When Does Coordination Require Centralization?
- (pp. 145-79)
AbstractThis paper compares centralized and decentralized coordination when managers are privately informed and communicate strategically. We consider a multidivisional organization in which decisions must be adapted to local conditions but also coordinated with each other. Information about local conditions is dispersed and held by self-interested division managers who communicate via cheap talk. The only available formal mechanism is the allocation of decision rights. We show that a higher need for coordination improves horizontal communication but worsens vertical communication. As a result, decentralization can dominate centralization even when coordination is extremely important relative to adaptation. (JEL D23, D83, L23, M11)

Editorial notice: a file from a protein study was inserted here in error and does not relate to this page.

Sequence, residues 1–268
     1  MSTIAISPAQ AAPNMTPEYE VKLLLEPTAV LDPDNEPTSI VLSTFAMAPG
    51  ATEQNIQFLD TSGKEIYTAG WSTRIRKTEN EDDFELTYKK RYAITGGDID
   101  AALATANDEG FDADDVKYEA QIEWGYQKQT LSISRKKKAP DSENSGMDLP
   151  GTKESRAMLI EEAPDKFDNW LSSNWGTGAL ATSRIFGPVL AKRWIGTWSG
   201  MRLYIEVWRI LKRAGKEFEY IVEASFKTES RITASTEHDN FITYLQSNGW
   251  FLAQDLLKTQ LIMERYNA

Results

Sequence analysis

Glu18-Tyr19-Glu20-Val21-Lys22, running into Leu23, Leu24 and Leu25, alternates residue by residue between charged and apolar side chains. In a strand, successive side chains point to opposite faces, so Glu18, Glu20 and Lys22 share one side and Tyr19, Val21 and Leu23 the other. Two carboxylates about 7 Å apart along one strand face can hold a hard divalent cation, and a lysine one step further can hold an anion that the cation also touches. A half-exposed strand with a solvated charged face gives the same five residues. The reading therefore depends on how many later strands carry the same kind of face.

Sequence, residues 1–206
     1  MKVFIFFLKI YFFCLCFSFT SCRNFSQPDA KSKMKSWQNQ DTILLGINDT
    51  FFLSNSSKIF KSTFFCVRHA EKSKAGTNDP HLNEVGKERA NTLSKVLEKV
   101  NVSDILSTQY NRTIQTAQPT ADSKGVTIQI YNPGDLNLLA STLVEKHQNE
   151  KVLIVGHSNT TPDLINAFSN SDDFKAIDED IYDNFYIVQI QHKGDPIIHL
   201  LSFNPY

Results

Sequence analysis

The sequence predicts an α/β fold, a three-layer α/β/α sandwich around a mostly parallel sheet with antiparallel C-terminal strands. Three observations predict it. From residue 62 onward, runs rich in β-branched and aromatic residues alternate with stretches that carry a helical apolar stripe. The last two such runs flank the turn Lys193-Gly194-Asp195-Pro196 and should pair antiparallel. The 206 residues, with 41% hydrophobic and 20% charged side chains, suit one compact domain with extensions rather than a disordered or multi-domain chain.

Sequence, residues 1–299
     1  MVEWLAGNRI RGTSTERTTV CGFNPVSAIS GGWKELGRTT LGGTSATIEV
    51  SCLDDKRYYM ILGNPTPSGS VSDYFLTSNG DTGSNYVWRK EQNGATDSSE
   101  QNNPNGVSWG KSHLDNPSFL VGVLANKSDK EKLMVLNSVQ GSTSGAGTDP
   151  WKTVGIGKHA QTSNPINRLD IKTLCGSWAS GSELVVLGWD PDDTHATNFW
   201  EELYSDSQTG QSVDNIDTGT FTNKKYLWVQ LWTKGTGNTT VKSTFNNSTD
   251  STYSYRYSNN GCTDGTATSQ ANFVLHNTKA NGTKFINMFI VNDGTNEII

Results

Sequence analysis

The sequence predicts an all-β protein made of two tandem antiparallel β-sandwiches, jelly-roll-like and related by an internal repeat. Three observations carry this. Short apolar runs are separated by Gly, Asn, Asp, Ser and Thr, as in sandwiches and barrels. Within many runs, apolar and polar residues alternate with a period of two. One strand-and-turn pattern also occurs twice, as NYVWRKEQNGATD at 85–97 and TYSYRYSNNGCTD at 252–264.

Citation2008. "When Does Coordination Require Centralization?." American Economic Review, 98(1): 145-79. DOI: 10.1257/aer.98.1.145
- D23 Organizational Behavior; Transaction Costs; Property Rights
- D83 Search; Learning; Information and Knowledge; Communication; Belief
- L23 Organization of Production
- M11 Production Management